Doctors as judges: the verdict on responsibility for health
Smokers, drinkers, animal fat eaters, the inactive and the obese, they are all blamed for their potential ill health by doctors, society and their families, in western societies victim blaming is a widespread phenomenon. Doctors are encouraged or even put under pressure to judge behaviour as a tool to allocate and ration medical procedures, by governments or insurance companies that want to keep the healthcare expenditure within strict limits. In recent years the knowledge obtained by risk factor epidemiology and related to personal behaviour and lifestyle, has become more and more widely used to hold people responsible for their own health. This is not only happening within the doctor-patient relationship, but also in everyday social and domestic life. Governments and international corporations are in contrast rarely seriously blamed for the consequences their policies have for the health of the population. Although public health theory accepts the existence of biological, behavioural and societal causes of both sick persons and sick populations, the application of the available knowledge is clearly biased towards the individual behaviour. However, to establish a person’s responsibility we need more than just some connection between a behaviour related risk factor and a disease, even if we are dealing with an undoubted causal relation. Responsibility is a far more complex judgement, which also entails judgements regarding freedom and autonomy. In this piece we aim to clarify the conditions under which we can truly speak of a personal responsibility for health, as well as point at the limits of such a responsibility.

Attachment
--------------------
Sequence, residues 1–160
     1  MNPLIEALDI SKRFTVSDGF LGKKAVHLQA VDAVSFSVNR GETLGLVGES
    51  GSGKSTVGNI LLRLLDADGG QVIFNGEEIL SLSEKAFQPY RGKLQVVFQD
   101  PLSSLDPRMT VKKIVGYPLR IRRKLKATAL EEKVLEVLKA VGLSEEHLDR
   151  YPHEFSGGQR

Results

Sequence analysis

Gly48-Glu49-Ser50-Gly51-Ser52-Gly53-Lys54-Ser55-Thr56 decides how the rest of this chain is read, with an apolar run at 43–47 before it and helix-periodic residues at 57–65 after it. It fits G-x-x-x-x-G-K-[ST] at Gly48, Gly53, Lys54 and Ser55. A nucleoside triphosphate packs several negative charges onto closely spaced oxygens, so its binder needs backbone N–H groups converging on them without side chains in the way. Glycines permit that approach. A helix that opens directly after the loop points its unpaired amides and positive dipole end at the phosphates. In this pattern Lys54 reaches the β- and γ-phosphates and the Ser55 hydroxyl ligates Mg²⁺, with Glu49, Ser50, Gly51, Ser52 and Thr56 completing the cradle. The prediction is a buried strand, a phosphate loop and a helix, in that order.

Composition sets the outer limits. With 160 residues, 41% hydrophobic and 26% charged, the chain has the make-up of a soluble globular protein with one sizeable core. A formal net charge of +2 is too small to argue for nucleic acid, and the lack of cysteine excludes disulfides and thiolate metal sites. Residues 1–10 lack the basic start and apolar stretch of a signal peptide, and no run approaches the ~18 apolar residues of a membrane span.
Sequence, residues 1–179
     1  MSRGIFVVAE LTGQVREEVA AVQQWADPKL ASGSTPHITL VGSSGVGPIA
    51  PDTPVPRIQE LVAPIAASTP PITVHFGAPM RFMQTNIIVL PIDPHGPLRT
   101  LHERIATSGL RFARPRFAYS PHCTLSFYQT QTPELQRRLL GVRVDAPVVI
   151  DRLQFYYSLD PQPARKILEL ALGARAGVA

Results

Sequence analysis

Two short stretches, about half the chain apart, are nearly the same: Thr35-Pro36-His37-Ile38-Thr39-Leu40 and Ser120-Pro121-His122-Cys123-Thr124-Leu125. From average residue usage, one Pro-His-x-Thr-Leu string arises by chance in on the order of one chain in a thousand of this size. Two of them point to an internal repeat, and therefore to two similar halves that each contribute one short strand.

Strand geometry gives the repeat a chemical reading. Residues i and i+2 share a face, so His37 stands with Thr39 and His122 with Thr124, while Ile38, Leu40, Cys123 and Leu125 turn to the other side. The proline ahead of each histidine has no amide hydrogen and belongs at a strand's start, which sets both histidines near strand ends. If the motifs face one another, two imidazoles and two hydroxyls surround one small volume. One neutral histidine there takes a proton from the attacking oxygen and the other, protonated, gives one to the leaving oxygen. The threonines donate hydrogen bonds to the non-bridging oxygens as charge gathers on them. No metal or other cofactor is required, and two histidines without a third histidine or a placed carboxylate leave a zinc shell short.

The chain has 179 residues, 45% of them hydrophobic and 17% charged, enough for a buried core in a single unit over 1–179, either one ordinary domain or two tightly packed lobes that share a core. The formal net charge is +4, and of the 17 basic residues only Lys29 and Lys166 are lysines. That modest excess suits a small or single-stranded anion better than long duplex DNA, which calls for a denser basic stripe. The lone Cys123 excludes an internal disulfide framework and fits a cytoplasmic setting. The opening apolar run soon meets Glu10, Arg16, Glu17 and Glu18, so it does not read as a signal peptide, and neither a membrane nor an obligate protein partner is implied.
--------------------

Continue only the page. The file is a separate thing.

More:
|Keywords||*Health Behavior, *Health Knowledge, Attitudes, Practice, *Physician's Role, *Social Responsibility, Freedom, Humans, Philosophy, Medical, Research Support, Non-U.S. Gov't, Risk-Taking, Socioeconomic Factors|
van de Vathorst, S, & Alvarez-Dardet, C. (2000). Doctors as judges: the verdict on responsibility for health. Journal of Epidemiology and Community Health. Retrieved from http://hdl.handle.net/1765/9297